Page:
Whitehouse v Lemon

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Whitehouse v. Lemon is a 1977 court case involving the blasphemy law in the United Kingdom.

Facts[edit]

James Kirkup's poem The Love that Dares to Speak its Name was published in the 3 June 1976 issue of Gay News. The poem, written from the viewpoint of a Roman centurion, graphically describes him having sex with Jesus after his crucifixion, and also claims that Jesus had had sex with numerous disciples, guards, and even Pontius Pilate.

In early November 1976, Mary Whitehouse obtained a copy of the poem and announced her intention to bring a private prosecution against the magazine. Leave to bring this prosecution was granted on 9 December 1976. The charges named Gay News Ltd and Denis Lemon as the publishers. A charge against Moore Harness Ltd for distributing was subsequently dropped. The indictment described the offending publication as "a blasphemous libel concerning the Christian religion, namely an obscene poem and illustration vilifying Christ in his life and in his crucifixion".

The Gay News Fighting Fund was set up in December 1976. Judge Alan King-Hamilton QC heard the trial at the Old Bailey on 4 July 1977, with John Mortimer QC and Geoffrey Robertson representing the accused and John Smyth representing Mary Whitehouse. On Monday 11 July, the jury found both defendants guilty. Gay News Ltd was fined £1,000. Denis Lemon was fined £500 and sentenced to nine months imprisonment suspended. It had been "touch and go", said the judge, whether he would actually send Denis Lemon to jail.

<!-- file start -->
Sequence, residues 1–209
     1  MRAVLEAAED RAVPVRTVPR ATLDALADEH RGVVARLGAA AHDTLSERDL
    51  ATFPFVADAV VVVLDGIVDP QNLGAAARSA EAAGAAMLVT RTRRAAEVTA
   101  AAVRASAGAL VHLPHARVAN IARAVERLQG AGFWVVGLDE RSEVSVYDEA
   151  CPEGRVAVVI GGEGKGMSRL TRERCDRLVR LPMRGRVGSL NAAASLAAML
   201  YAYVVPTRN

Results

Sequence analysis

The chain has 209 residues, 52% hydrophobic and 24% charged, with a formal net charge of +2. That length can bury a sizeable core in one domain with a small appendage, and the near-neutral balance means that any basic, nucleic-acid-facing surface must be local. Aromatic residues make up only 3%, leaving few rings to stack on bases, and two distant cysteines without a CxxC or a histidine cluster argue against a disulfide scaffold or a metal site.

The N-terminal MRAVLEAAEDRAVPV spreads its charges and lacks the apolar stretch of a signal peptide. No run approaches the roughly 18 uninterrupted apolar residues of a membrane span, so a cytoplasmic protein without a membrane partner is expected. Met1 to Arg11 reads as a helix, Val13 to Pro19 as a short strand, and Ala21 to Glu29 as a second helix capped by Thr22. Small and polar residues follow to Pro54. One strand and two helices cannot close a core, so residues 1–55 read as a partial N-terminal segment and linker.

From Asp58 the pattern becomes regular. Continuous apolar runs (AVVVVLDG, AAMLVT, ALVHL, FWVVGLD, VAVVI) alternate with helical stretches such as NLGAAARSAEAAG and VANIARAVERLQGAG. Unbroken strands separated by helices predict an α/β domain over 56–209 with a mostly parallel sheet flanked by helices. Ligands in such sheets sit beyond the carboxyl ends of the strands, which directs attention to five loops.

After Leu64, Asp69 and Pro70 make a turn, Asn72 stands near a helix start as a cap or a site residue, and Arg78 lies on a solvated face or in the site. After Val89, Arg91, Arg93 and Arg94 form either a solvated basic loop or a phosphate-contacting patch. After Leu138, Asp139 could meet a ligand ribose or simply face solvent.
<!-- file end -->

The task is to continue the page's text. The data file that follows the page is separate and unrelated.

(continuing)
Mary Whitehouse's costs of £7,763 were ordered to be paid four fifths by Gay News Ltd and one fifth by Lemon. Gay News Ltd and Denis Lemon appealed against conviction and sentence. On 17 March 1978, the Court of Appeal quashed Denis Lemon's suspended prison sentence but upheld the convictions on the basis that the law of blasphemy had been developed before mens rea, literally, a "guilty mind", became an essential element of a crime. Gay News readers voted by a majority of 20 to 1 in favour of appealing to the House of Lords. The Law Lords heard the appeal against conviction and delivered their judgement on 21 February 1979.

At issue was whether or not the offence of blasphemous libel required specific intent of committing such a blasphemy. By a majority of 3 to 2, the Lords concluded that intention was not required. Lord Scarman was of the opinion that blasphemy laws should cover all religions and not just Christianity and sought strict liability for those who "cause grave offence to the religious feelings of some of their fellow citizens or are such as to tend to deprave and corrupt persons who are likely to read them".[1] The appeal was lost.

Judgment[edit]

The European Commission of Human Rights declared the case inadmissible to be heard by the European Court of Human Rights on 7 May 1982. The £26,435 raised by the Gay News Fighting Fund through benefits and donations from the gay community and others, including a £500 donation from Monty Python, was sufficient to cover the costs of the trial and appeals.

See also[edit]

References[edit]

  1. ^ R v Lemon [1979] AC 617, 664

Further reading[edit]